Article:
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Estate of Martin Luther King sues his daughter

Brothers trying to get her to give up Nobel, Bible

Bernice King said the medal and Bible were among her father’s prized possessions.

ERIK S. LESSER/EPA

Bernice King said the medal and Bible were among her father’s prized possessions.

ATLANTA — Martin Luther King Jr.’s children are locked in yet another legal battle, this time over the civil rights icon’s Nobel Peace Prize and his personal Bible.

The complaint against Bernice King was filed Friday in Fulton County Superior Court in Atlanta by her father’s estate, which is controlled by her brothers, Martin Luther King III and Dexter King. Bernice King said Tuesday that her brothers want to sell the Bible and medal to a private buyer and that she opposes that.

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It is the latest in a string of legal battles between the siblings.

King’s heirs agreed in 1995 to sign over their rights to many items they inherited from their father to the Estate of Martin Luther King Jr. Inc., the complaint says.

Bernice King has acknowledged the validity of that agreement, but has refused to turn over her father’s traveling Bible and Nobel Peace Prize medal, the complaint says.

Bernice King said in her statement that their father ‘‘MUST be turning in his grave’’ at the idea of selling his Nobel Peace Prize medal and Bible, which she said were among his most prized possessions. President Obama used the Bible for his oath of office when he was sworn in for his second term on the King holiday last year.

‘‘While I love my brothers dearly, this latest decision by them is extremely troubling,’’ she said. ‘‘Not only am I appalled and utterly ashamed, I am frankly disappointed that they would even entertain the thought of selling these precious items. It reveals a desperation beyond comprehension.’’

Broken relations

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The complaint filed by the estate does not mention an intention to sell the items, and estate lawyers did not respond to e-mails seeking comment.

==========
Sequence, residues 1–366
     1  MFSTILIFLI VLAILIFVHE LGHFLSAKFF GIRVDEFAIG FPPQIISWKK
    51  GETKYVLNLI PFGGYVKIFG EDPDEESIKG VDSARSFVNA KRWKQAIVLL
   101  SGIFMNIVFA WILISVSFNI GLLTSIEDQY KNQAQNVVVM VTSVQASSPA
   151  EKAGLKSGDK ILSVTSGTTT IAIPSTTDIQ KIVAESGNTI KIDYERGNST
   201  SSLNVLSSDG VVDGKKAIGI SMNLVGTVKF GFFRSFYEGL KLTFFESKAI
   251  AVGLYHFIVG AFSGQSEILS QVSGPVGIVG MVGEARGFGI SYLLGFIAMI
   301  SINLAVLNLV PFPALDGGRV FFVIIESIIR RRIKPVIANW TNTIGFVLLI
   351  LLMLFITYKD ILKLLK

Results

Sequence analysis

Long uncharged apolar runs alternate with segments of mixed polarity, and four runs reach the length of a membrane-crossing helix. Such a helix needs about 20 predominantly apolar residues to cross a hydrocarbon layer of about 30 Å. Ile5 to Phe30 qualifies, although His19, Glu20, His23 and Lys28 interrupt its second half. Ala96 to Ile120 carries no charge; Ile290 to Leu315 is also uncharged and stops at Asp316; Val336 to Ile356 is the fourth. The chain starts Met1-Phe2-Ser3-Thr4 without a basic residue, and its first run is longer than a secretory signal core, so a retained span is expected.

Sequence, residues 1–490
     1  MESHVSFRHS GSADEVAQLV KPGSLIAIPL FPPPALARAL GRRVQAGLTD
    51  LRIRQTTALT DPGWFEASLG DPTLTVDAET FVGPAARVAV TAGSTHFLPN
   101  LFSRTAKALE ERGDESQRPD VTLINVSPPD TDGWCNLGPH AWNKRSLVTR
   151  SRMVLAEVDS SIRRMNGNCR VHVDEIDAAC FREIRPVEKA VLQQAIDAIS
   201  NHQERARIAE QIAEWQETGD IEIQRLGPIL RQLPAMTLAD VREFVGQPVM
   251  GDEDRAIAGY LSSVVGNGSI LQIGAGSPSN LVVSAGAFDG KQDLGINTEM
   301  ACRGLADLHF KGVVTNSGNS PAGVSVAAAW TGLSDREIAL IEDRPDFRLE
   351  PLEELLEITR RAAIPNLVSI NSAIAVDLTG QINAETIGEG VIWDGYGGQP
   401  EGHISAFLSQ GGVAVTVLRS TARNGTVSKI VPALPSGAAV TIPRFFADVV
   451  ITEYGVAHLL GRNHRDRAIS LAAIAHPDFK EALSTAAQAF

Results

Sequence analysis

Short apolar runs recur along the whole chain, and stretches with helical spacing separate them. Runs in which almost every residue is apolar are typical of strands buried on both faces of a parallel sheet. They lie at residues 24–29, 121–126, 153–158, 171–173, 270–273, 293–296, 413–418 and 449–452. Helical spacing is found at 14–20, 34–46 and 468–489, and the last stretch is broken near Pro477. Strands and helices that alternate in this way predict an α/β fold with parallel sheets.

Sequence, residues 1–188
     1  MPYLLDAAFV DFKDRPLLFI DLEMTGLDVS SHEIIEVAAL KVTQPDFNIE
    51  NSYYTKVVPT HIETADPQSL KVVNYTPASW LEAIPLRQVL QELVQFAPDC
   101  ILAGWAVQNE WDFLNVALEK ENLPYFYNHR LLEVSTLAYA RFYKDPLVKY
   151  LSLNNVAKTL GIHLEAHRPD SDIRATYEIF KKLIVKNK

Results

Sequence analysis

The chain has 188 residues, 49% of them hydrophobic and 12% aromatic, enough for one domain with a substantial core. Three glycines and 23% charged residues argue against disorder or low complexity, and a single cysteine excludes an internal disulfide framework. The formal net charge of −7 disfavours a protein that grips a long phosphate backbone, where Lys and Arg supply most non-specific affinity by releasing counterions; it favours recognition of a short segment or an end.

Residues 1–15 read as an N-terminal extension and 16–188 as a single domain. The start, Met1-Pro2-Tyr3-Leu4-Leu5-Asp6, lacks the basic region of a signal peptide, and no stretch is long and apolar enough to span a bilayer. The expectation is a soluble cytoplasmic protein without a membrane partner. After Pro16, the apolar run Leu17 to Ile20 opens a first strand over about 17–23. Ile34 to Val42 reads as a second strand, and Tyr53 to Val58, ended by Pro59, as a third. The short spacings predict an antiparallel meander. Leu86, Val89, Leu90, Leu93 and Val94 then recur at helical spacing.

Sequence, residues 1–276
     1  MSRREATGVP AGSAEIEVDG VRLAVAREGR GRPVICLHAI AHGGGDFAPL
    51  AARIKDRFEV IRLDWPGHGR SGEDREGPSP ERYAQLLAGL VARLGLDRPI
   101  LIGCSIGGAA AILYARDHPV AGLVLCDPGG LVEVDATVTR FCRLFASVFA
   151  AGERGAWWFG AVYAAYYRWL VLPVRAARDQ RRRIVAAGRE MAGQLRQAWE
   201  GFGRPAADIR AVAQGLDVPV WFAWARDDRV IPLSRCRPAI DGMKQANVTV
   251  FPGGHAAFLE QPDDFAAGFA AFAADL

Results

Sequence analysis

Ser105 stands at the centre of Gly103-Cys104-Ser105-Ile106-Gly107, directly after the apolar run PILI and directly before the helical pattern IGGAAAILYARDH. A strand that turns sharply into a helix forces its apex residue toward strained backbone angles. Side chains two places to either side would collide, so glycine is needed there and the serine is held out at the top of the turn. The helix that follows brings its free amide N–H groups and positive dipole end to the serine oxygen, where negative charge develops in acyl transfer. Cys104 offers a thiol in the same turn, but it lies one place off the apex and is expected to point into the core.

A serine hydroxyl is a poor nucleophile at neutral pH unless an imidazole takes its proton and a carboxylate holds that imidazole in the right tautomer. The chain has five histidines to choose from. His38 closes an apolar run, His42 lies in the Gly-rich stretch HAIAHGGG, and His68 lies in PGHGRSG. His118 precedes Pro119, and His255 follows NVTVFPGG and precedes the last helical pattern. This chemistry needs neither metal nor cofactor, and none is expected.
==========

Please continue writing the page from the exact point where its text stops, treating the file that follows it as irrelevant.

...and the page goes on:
The estate is asking that a judge force Bernice King to relinquish the items and pay the estate’s legal fees in the matter.

The King estate is already embroiled in a separate legal battle with the Martin Luther King Center for Nonviolent Social Change, where Bernice King is the chief executive. The estate on Aug. 28 — the 50th anniversary the ‘‘I Have a Dream’’ speech — filed a complaint asking a judge to stop the King Center from using Martin Luther King Jr.’s image, likeness, and memorabilia.

The complaint said materials licensed to the King Center by the estate weren’t being properly cared for. Legal proceedings are ongoing.

King was assassinated in Memphis in April 1968. His wife, Coretta Scott King, died in 2006 and Yolanda King, the Kings’ eldest child, died in 2007.

That left the three remaining siblings as the sole shareholders and directors of their father’s estate, but their relationship has deteriorated over legal battles.

Bernice King and Martin Luther King III sued Dexter King in 2008 to force him to open the books of their father’s estate. The lawsuit claimed Dexter King, the estate’s administrator, had refused to provide documents concerning the estate’s operations and that he had shut them out of decisions.

The siblings avoided a public jury trial over their legal feud by agreeing to a settlement in October 2009 and a judge in March 2010 dismissed most of the remaining legal claims in the dispute between them.

All three siblings said at the time that they looked forward to mending the rifts and that significant progress had been made with the settlement.

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